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22 March 2013

Using my freezer.

You guys already know about my Once a Month shopping trips.  I honestly don't know if I could do it if I didn't utilize every square inch of space I have.

Here's a peek at my pantry madness:

You might remember my old post where I changed my back closet into my pantry and organized it.  It works really well for a huge amount of storage, which in turn lets me buy things when they're on sale and spend less at the store. 

The other big gun in this system is my freezer.  I love my giant upright freezer.  It was money well spent that has paid for itself over and over again. 

If it wasn't for the freezer, I would have to buy things when I need them, instead of when they're on sale.  I also would have to pay for meat at the grocery store - which is more expensive and less healthy then meat from your local farm - or in our case, yard. 

Here's a how to on freezing food:


I freeze it right in the bag it comes in from the store.  Just make sure you have a place that it won't get squashed.  I've tried to store it in the baskets on the bottom before, but once it's frozen, it gets hard to slide out.  I just throw it right in front. 
To thaw: set it on the counter overnight.  It should be ready in the morning.  Rarely, the edges can get a little stale.  Just use that part for toast or bread crumbs.  I routinely freeze the bread (and cakes) from the clearance rack at Walmart to use later - usually for french toast or garlic bread.  Make sure you freeze any clearance items as soon as you get home. 

Pour out a cup of milk to allow for the expansion of the liquid in the freezer.  If you notice the freezer picture above, there's a creamy white blob on the second gallon of milk. That's because I didn't take enough milk out of that one.  If you don't take a little out before freezing there's a chance that the milk could burst in your freezer.  You don't want that.  To thaw:  Set it in the fridge for at least a day.  I put it on a dish towel to soak up the sweat.  I also give it a shake every time I open the fridge.  Ronnie says he can taste the difference between fresh milk and frozen, but I serve him milk that's been frozen all the time and unless he tastes an ice crystal, he never knows the difference.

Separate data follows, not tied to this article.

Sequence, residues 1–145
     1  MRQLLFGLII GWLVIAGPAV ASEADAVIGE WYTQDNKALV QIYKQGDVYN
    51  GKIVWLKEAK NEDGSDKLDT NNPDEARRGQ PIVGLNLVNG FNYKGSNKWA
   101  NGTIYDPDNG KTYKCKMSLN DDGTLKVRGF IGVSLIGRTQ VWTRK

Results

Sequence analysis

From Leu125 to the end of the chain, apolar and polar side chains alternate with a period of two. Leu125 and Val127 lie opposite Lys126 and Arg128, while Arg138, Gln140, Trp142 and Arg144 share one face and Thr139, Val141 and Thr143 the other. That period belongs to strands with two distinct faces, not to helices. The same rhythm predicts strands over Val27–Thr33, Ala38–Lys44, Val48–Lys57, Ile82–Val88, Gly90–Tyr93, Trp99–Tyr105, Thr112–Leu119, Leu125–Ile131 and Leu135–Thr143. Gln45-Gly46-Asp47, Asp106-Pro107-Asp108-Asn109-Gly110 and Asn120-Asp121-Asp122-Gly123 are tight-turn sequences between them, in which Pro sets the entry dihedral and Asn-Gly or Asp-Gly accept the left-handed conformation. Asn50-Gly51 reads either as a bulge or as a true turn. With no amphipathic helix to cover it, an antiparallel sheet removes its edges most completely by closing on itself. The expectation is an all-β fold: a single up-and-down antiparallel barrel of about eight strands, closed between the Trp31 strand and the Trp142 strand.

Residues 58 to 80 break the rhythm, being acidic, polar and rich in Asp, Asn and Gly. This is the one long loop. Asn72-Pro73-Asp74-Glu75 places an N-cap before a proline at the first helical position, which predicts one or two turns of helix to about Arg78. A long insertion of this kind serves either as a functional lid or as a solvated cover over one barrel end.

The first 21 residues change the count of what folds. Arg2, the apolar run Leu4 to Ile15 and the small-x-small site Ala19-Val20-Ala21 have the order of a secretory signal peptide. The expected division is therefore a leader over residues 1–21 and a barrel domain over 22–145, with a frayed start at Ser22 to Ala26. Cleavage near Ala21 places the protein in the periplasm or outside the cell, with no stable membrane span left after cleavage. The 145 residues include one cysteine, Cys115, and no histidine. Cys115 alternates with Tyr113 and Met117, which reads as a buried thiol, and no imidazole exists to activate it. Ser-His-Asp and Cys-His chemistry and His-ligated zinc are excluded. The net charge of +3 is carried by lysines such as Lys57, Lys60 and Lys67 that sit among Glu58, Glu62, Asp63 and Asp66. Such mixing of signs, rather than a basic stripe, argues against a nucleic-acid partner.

*Anytime milk is priced less than $2.99, I pick up extra to freeze.  I use it up within the month.

 I throw it in the freezer, box and all, straight from Sam's.  To thaw:  I pull out however many I think I'll use in the next week (usually half a box) and let them thaw in the fridge.  I put them in a clear shoebox (the cheapo $1 ones from Walmart).  It keeps any sweat from making a mess in your fridge.
*Aldi brand Gogurt (MooTubes) are on sale frequently and I buy as many and I can afford and freeze them.  They last 3-4 months.

If it's a brick of cheese, I keep it in the original package and put it in the freezer as it.  If it's a giant shredded bag from Sam's (the cheapest place I can find for cheese), I separate it into 4 freezer ziplock type bags, squeeze the air out and seal.  To thaw:  Put in the shoebox for at least a day. 

Cream cheese: 
I freeze cream cheese when it's on sale just like it's packaged.  I put it in the door of the freezer - it fit's perfectly.  A word of caution - the consistency will change some.  It's not good to use for bagels or dips after being frozen.  It's perfect to use for baking or icing or our favorite, homemade Alfredo sauce.  To thaw:  put it in the fridge for a day.
*Savings: I picked up a case of cream cheese (24) when it was on sale after Thanksgiving at $0.89 a pack.  I'm down to 10 packs and it still is fine.

Freeze it right in it's package from the store.  Thaw it in the fridge for a day, although sometimes I just leave it on the counter.  My grandma left butter on the counter all the time so it would be soft.  I don't know if it's a food safety issue or not.  Use your own discretion on this one.
*I bought a case of butter (24) when it was on sale after Thanksgiving at $1.69/pound.  I'm still using it and it's just fine.  I usually try to pick up butter when it's under $2 a pound.

I'm going to let you in on a little secret.  All meat - even the pretty meat you find in the freshly cut grocery store meat counter - has been frozen at one point or another.  Ronnie's cousin is a butcher and he said the meat that arrives at the store is frozen.  It is then thawed and cut in shop.  Basically, unless your the one doing the killing and the grilling, chances are strong that it's been frozen.  Meat is easy to freeze and will keep for up to a year if packaged properly.  I'll use Ziplock bags for short term storage (less than 1-2 months), but for long term storage, I use freezer paper or a vacuum sealer.  To thaw:  place in shoe box and thaw for 1-2 days. 
*I try to buy meat when the price is less than $2 for pork loin or chicken breast and less than $1 for chicken thighs or legs.  I also stock up on whole turkeys when they're on sale around Christmas and whole hams when they're on sale at Easter.  We raise our own cow, so our price for beef is an average of $2.69 for everything - ground beef, steaks, roast, ect.

Keeping a stockpile at home allows me to not have to run to the store when I'm out of something.  Mostly because I don't run out of things that we use regularly.

You're going to eat, you might as well plan ahead and save some money!


Rachel E. said...

I like the look of meat wrapped in butcher paper. It's so much nicer looking than plastic. :)

Lori said...

I started doing weekly menus and shopping trips thanks to you, but I don't think I could pull off a monthly one....mostly because of lack of space.